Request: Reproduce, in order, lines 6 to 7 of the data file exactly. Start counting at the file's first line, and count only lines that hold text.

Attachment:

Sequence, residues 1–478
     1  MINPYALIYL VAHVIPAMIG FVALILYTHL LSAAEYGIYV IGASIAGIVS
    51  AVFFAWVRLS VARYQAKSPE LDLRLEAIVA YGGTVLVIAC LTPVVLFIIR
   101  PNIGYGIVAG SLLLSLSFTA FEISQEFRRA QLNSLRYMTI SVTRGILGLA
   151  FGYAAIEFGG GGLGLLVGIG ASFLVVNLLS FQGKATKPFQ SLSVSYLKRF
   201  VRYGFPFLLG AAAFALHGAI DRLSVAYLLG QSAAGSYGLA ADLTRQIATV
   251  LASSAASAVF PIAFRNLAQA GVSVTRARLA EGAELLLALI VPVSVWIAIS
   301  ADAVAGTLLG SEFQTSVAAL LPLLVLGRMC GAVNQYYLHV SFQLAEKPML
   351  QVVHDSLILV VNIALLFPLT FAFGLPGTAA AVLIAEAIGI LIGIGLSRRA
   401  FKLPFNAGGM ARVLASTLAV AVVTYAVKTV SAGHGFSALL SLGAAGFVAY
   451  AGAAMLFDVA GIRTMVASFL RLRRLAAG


   201  VRYGFPFLLG AAAFALHGAI DRLSVAYLLG QSAAGSYGLA ADLTRQIATV
   251  LASSAASAVF PIAFRNLAQA GVSVTRARLA EGAELLLALI VPVSVWIAIS